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Page last updated at 08:06 GMT, Friday, 4 September 2009 09:06 UK

India announces cholera 'reward'

By Sanjaya Jena in Bhubaneshwar

A young boy collects water from a tanker in South Asia (file picture)
Cholera is usually spread through contaminated food or water

The government in the eastern Indian state of Orissa has announced a cash award to any person volunteering to bring a cholera patient to a hospital.

The award of 200 rupees ($4) has been announced after three cases of cholera were detected in the state recently.

The government hopes that the reward will work as an incentive for people to report patients suffering from the deadly disease.

A recent outbreak of diarrhoea has already claimed 26 lives in Orissa.

The deaths have been reported in several villages in the Kalahandi district.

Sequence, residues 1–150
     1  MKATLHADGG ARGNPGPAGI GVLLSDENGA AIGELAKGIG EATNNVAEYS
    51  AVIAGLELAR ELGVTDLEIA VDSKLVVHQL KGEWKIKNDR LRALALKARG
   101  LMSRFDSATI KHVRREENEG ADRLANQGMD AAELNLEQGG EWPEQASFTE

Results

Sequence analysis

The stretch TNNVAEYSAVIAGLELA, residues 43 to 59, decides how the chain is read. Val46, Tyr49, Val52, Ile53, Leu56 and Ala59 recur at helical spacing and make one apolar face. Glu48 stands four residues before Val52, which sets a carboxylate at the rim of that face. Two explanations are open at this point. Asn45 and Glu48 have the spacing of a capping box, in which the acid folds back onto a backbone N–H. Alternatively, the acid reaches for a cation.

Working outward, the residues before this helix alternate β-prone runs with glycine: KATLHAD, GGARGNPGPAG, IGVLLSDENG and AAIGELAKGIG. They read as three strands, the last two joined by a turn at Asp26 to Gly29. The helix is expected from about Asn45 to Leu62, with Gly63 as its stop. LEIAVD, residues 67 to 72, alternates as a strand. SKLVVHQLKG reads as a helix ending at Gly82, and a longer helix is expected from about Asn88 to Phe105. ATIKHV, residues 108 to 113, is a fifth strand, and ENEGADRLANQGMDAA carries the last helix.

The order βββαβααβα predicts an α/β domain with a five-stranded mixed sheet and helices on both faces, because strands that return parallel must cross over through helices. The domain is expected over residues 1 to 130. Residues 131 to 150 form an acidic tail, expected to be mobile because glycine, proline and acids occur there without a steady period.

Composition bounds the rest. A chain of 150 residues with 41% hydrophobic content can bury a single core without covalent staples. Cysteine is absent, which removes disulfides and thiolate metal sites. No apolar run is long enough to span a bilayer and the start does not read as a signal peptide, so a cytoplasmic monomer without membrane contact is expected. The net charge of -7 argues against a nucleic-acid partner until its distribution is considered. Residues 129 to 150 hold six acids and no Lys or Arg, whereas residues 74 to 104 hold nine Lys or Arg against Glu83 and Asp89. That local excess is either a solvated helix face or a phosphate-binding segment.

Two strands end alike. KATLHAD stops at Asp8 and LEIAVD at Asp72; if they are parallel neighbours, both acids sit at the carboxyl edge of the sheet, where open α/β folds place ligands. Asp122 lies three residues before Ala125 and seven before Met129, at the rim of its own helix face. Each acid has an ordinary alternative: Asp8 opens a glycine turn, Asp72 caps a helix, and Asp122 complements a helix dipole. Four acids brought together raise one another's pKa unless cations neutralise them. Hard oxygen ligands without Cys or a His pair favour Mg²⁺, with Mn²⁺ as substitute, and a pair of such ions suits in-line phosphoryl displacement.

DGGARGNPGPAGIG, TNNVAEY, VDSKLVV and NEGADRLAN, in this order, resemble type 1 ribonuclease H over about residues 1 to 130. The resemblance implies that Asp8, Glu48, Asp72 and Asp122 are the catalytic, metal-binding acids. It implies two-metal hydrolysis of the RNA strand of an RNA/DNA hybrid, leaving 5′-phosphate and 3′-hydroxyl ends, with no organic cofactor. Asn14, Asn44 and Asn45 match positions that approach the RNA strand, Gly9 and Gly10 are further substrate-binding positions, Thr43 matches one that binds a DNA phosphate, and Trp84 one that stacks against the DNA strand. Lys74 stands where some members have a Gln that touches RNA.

The three cholera cases have also been reported from the same district, which is one of the poorest in India.

Cholera is usually spread through contaminated food or water and can be fatal if left untreated.

Orissa health minister Prasanna Acharya said the cholera patients treated and discharged from government hospitals will also be paid 200 rupees and given some clothing.

Officials say the government had been forced to announce these incentives as many people living in remote villages refuse to go to hospitals despite suffering from the disease.

Instead, they offer prayers because they believe they contracted the disease because of the "wrath of God", officials say.

More than 100 people died in a major outbreak of cholera two years ago in the Kalahandi, Bolangir and Koraput districts of Orissa.



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